Today’s review is for a book that touched me on many levels. Handling topics of paramount importance with tact, this is a powerful and emotive read that has stayed with me long after finishing it. Definitely one I’d recommend – check out my full review on In The Shadow of the Hanging Tree.
Publisher: Sweet Candy Press | Date: 2017 | Genre: Historical
Plot: Henry was born into slavery; his young life spent working in tobacco drying sheds on Missouri plantations. Freed at the onset of the Civil War, he’s alone, starving, and on the run from Confederate militiamen.
Five years later, Clara Hanfield, the daughter of a powerful New York shipping magnate, escapes her tyrannical father and travels west in pursuit of John Elliot, the man she loves. John, a U.S. Army lieutenant, was sent to the Dakota Territory where he discovers a government conspiracy to incite an all-out war with the Indians; a war meant to finally eliminate them as an obstacle to the westward expansion.
Henry finds himself caught in the middle.
Aided by Clara, John, and his native ally, Standing Elk, Henry must battle hatred, greed, and the ghosts of his past during this turbulent and troubling time in American history.
I received In The Shadow of the Hanging Tree from the publisher in exchange for an honest review as part of the blog tour. All thoughts and opinions are my own.
In The Shadow of the Hanging Tree Review
I have never studied this part of history, but as soon as I saw the In The Shadow of the Hanging Tree invite for a blog tour, I instantly wanted to join.
There are times when a book is nothing short of powerful, and this is how I felt about this novel. I have never been so concerned for a character within just a few pages, and yet I couldn’t tear my eyes away from that opening, fearing for Henry’s life even before I had got to know his character. McLellan’s writing just has that sort of impact.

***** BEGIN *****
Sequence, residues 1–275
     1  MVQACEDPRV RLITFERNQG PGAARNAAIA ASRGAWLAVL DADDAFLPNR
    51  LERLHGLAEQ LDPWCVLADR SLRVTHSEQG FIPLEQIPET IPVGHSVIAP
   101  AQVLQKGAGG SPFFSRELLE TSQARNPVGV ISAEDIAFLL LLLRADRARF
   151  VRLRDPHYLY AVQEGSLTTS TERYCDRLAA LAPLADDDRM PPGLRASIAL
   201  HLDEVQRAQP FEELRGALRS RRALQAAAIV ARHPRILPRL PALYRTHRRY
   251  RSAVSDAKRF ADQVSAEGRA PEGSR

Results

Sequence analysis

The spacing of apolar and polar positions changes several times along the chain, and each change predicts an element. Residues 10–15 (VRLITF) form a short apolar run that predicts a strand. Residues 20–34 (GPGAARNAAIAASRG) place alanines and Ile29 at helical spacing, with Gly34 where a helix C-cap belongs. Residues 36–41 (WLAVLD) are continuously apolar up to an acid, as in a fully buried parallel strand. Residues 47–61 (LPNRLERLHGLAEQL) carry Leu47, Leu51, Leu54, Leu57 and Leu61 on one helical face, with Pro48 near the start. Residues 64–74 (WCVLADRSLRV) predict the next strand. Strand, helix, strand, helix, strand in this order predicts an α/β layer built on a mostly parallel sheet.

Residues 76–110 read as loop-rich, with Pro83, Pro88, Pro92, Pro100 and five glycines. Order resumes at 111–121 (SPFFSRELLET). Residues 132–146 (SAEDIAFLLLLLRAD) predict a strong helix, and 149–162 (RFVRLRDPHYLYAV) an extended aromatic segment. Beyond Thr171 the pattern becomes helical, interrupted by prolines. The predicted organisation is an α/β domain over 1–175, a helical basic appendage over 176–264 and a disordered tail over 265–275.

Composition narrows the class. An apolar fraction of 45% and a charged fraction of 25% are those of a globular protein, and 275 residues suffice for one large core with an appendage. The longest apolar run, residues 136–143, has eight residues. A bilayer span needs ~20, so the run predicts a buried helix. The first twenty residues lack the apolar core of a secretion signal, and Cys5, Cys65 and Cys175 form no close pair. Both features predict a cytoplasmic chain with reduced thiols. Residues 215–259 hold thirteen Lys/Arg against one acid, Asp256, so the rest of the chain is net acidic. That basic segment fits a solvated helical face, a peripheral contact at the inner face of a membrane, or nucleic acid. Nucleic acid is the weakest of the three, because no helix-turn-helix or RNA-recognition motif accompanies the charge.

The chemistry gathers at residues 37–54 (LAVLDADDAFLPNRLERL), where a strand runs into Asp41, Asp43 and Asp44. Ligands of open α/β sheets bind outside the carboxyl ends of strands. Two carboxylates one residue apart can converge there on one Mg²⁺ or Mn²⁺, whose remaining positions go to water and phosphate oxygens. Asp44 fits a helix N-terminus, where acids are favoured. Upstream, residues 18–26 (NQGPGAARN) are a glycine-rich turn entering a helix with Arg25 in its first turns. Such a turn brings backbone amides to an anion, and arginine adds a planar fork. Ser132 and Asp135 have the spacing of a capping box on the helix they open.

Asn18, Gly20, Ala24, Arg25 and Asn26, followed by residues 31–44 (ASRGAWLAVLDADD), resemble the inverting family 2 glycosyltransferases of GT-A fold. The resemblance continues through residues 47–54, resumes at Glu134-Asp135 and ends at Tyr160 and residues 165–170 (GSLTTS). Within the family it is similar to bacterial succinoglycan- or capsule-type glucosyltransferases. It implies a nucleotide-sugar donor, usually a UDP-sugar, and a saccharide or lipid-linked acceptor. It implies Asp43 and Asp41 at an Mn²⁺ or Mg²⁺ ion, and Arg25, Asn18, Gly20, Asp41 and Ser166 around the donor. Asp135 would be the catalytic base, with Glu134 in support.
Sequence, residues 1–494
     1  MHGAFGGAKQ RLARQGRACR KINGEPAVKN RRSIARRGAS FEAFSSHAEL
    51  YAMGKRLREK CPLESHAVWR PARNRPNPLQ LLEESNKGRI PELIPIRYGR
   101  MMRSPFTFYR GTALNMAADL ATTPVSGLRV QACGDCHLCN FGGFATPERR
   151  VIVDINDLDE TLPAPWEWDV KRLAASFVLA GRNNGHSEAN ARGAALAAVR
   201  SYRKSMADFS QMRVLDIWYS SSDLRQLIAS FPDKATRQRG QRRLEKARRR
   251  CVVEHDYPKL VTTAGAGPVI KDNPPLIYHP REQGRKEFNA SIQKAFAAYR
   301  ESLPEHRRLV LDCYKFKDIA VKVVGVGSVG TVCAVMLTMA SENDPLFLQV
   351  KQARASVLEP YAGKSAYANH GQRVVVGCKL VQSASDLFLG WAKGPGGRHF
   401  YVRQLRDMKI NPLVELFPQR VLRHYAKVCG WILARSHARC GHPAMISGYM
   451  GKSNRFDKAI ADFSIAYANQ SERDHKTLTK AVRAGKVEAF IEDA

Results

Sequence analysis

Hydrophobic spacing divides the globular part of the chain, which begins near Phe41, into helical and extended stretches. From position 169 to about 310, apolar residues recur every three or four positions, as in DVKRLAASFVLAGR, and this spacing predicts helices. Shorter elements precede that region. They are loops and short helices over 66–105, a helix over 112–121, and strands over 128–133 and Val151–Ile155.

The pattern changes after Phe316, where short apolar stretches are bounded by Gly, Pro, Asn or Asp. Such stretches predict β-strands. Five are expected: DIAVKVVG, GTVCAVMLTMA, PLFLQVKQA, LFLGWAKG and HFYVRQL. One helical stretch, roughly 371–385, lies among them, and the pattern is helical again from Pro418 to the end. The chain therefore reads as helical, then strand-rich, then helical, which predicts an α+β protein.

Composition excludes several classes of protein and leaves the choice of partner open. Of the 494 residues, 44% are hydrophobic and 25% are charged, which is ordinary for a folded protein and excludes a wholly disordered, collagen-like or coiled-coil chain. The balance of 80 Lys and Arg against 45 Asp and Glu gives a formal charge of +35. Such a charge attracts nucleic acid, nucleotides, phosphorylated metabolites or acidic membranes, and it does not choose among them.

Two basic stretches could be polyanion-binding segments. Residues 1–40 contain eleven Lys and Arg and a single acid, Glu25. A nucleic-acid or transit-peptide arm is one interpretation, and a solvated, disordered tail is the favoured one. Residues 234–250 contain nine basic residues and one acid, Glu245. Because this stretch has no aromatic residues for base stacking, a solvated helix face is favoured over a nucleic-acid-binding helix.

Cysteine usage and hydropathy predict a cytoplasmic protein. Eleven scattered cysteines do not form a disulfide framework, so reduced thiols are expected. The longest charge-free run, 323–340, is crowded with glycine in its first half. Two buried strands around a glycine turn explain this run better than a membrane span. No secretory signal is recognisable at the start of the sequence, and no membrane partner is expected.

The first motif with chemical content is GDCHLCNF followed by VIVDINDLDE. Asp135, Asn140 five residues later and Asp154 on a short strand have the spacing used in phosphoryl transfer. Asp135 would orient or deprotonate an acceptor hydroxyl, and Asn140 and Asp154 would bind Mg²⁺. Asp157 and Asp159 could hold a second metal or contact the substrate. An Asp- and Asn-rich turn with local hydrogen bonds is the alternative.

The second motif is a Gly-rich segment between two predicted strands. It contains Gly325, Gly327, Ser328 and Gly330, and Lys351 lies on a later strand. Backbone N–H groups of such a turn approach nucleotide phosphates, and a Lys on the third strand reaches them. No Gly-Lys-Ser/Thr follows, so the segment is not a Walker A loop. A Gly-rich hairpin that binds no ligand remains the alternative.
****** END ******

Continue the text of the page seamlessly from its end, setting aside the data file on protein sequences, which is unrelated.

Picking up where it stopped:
As I have said, I am naïve to this part of history – I’ll be the first to admit it. But it means I have literally no idea how accurate In The Shadow of the Hanging Tree is. What it does do, however, is make you think about the level of violence, racism, prejudice etc existed at that time and how drastic the implications of these emotions were. So many innocent people were killed, and this novel makes you think about that.
The characters were all relatable. Henry loses everything when he gains his freedom, but somehow finds a way to not only survive, but make a living for himself. This is mainly due to his relationship with the natives, especially Standing Elk. Henry was compassionate yet brave and was determined to do the right thing, regardless of the consequences for himself.
Both John and Clara were completely naïve, especially Clara. But they too were determined to do what was right. John couldn’t stand by and watch the slaughter, and Clara refused to let her controlling father dominate her life and deny her the man she loved. Both charged into danger, albeit of different sorts, because they felt they had no choice.
Here was a man who had killed to rescue her, without knowing her or expecting any reward. He was kind, generous, and he appreciated literature. He was contrary to everything her father had ever said about negroes. How was a man like this regarded less than any other by the colour of his skin? Yet, hadn’t she still been unable to invite him to address her as Clara?
The secondary characters were strong as well. Standing Elk would be the type of man you want as a leader, while those at the army base who tried to help the unfortunate couple acted from the heart rather than following orders. This novel had characters that you could easily fall in love with.
It didn’t shy away from how the times were though. Being a main character, being on the right side and acting with good intentions, did not by any means indicate that you would survive. The land was harsh, the people harsher, and those who were not suited for it perished. Regardless of whether they were a main character or the villain. I was left stunned more than once, convinced characters would reach their happy ending and being denied.
In The Shadow of the Hanging Tree is a very powerful read that gets you thinking, regardless of your knowledge of that era. The characters are cleverly constructed so no group appear superior or in the right, and the dialogue used reflects the attitude of the character – you know if someone is good or not by how they think of Henry!
A very strong recommendation and a very strong book.
Does this sound like your kind of read? Have you read anything touching upon this era?
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